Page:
~~~~~~~

It's February. I hope you are all well-

Take Care,
~Neil

8 Comments:

Blogger Jessica Schneider said...

Hi Neil:

So the guilt trip worked I see. I'm sorry to hear of all this crap you have to deal with, for I often think to myself how I am glad I am not a hs student anymore. (or of any kind for that matter except for maybe a "student of life" but that sounds flaky).

One of my friends had a moron history teacher in high school, he was illiterate apparently because he would often get information wrong and rely only on what the book said, like if the question was is the earth a) flat b) round c) triangular and we all know the answer was B and if his teacher book had a misprint and said it was "c" he would say, "but the book says it's c" and mark it wrong.

So she did a little test and for papers one only needed to write 5 sentences in an opening paragraph so she wrote (and this is true)..."you are a stupid man. I can't believe an idiot like you is teaching me history, etc."

She got it back and got an A. She showed her parents and they freaked thinking she would get expelled for that. Big mistake. He should have been fired.

She got an A because she had 5 sentences in the paragraph. But good for that student standing up to that dumb teacher about the mile/kilo thing.

You find the same sorts of thinking in the "professional" world. Just look at some of these agent responses. "I didn't fall in love..." such canned responses parroting what their coworkers say.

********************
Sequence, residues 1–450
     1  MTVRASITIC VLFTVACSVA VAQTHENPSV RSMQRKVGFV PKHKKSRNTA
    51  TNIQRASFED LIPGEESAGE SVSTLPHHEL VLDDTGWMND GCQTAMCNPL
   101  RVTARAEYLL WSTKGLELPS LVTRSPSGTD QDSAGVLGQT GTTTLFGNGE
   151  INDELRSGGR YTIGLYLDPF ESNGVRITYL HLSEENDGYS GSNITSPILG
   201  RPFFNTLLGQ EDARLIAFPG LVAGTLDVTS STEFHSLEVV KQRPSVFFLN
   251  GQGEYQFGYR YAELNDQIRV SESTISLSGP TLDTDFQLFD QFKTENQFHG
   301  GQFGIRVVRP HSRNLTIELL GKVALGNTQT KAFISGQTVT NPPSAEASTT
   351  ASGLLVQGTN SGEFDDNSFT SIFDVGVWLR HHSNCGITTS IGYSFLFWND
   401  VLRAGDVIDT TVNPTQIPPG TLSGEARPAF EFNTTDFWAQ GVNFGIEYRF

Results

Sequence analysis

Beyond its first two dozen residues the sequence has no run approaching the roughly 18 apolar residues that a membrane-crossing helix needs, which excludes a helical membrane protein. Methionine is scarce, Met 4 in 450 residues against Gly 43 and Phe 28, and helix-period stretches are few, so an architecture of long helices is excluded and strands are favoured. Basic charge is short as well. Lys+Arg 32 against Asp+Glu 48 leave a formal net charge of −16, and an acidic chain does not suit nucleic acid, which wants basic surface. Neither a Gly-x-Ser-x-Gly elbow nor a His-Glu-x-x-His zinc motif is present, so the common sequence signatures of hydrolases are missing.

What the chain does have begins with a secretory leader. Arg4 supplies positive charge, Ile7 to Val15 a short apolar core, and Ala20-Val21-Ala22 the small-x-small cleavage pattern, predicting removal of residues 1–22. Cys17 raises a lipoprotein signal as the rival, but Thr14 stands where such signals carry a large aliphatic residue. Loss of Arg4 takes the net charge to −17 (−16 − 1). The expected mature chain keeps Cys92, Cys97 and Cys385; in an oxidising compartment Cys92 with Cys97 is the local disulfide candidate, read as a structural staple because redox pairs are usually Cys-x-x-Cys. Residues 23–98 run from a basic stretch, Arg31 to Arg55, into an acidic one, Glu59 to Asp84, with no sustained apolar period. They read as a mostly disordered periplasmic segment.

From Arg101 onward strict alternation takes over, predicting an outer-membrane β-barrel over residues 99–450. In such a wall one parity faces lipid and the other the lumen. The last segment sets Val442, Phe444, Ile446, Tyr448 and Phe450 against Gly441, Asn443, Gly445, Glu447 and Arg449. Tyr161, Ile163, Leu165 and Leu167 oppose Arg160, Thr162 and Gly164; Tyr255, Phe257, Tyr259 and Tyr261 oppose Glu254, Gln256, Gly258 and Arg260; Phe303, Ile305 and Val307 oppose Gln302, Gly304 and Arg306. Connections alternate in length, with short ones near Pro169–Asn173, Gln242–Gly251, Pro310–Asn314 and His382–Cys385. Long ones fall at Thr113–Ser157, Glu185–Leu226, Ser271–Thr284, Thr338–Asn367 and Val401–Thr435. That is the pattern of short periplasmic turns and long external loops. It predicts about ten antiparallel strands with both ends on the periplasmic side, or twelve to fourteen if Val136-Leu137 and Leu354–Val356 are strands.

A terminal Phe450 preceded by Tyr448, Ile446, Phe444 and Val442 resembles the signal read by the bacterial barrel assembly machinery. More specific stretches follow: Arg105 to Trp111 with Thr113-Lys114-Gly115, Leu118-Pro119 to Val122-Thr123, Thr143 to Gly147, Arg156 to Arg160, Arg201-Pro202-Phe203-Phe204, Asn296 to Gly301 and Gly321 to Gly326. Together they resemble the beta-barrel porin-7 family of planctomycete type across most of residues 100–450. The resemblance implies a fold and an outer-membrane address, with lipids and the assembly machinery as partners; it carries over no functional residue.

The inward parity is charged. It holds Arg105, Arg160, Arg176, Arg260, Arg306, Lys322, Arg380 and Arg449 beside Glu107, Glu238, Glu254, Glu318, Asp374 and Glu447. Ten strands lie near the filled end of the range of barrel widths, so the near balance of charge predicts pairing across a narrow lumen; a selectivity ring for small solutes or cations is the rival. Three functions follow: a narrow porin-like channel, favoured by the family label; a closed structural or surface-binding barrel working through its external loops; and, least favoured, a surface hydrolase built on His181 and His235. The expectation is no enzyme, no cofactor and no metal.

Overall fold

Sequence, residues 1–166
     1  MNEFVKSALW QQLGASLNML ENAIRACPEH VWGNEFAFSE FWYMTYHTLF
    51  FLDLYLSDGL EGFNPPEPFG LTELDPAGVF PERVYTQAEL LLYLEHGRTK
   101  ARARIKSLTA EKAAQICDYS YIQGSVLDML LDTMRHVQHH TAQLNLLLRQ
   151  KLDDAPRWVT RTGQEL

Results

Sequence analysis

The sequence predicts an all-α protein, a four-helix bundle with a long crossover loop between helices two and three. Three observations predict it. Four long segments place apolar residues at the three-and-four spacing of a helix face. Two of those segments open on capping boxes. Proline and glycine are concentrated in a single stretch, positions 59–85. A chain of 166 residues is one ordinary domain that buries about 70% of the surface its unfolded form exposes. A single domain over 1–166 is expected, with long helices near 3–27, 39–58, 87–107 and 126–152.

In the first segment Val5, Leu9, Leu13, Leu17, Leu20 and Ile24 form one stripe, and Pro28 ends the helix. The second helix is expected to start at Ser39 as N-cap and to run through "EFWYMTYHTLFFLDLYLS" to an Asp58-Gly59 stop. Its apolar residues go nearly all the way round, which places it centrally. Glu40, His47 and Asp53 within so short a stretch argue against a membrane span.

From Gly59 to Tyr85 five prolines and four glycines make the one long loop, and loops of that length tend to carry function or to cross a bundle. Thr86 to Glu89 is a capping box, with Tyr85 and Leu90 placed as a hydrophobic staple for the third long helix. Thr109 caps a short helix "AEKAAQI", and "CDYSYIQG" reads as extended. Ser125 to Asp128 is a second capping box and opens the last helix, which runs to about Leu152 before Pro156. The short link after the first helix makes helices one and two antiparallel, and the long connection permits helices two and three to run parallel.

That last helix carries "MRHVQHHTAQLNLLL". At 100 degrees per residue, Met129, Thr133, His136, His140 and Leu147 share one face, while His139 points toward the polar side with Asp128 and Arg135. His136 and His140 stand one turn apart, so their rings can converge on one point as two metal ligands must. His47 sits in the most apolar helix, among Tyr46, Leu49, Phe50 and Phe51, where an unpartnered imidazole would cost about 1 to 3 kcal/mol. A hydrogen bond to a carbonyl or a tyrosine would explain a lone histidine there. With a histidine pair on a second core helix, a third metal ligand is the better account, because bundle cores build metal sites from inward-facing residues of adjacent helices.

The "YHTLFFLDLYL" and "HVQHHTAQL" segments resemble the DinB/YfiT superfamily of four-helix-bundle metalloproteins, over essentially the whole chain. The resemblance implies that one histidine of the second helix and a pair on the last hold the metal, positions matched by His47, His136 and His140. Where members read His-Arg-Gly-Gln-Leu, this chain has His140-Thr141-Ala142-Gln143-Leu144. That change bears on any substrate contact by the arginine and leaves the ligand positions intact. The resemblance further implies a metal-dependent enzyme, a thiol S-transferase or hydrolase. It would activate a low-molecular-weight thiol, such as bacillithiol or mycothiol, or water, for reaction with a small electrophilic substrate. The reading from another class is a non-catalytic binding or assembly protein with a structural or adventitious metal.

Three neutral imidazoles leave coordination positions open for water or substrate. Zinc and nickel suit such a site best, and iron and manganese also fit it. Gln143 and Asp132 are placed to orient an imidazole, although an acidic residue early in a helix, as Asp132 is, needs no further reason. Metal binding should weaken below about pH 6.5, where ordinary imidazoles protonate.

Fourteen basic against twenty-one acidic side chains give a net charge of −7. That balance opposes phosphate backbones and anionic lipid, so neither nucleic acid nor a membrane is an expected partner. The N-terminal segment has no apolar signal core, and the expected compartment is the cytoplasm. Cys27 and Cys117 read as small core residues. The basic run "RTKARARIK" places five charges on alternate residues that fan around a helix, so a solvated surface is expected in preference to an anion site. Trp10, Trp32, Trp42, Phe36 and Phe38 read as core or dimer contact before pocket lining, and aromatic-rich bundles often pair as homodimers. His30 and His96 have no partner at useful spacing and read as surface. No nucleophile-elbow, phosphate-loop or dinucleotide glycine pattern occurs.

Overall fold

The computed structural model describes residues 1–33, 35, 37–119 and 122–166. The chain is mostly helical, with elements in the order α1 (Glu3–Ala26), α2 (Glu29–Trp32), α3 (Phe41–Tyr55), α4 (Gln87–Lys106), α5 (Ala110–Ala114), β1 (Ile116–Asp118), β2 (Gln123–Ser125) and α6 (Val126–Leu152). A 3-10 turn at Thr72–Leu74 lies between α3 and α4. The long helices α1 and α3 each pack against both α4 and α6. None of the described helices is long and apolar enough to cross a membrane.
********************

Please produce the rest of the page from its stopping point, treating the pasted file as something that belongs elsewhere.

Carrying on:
10:14 AM  
Blogger Anthony said...

School these days is a prison, and people are forced to stay in it far longer than they should be. It's boring and tyrannical. Something should be developed so that teens can leave at a reasonable time and get into the workforce without being 'penalized' by having to live in poverty on bad wages. Forcing everyone sit in classrooms at that age is what causes all the stuff that led to 'zero tolerance' in the first place.

2:16 PM  
Blogger Neil said...

Jess: Wow. That's incredible. The world is triangular.

I saw that agent response, the whole "I didn't fall in love with it". I'm sure that's an oft-used phrase in his/her e-mails.

Anthony: The U.S. is definitely guilty of keeping its kids in school for too long. In some European countries, students graduate from high school in 10th grade, which is far more reasonable. Also, you've got a point; the older we get, the more we feel inclined to do as we please, and not worry about rules. In response, they buckle down.

2:31 PM  
Blogger jdogmoney said...

This comment has been removed by the author.

10:32 PM  
Blogger jdogmoney said...

http://hewasmymathteacher.ytmnd.com/

Sorry, I forgot the comment part.

Anywho, the above is the whole picture of that letter.

And yes, you're quite right; it's ridiculous.

10:34 PM  
Blogger cosmoetica said...

My HS, in the early 80s, actually was a prision, with many barred windows, metal detectors to pass through, etc. Much of this started in the late 1950s, however, and has gotten worse. Of course, now the prison mentality is psychological as well as physical. In my day teachers were scared shitless to cross a tough student.

7:43 AM  
Blogger Wanderlust Scarlett said...

OH! The injustice is infuriating. Just so very frustrating and WRONG!

I've been gone a while too, it's good to be back.

I can't believe you got a ticket. I'd fight that, if I were you.

Scarlett & Viaggiatore

7:28 PM  
Blogger Neil said...

Wanderlust: I faxed off the law I broke, "Crossing Against The Light", and it's completely black-and-white, so I technically broke the law. No room to fight, unfortunately.

2:28 AM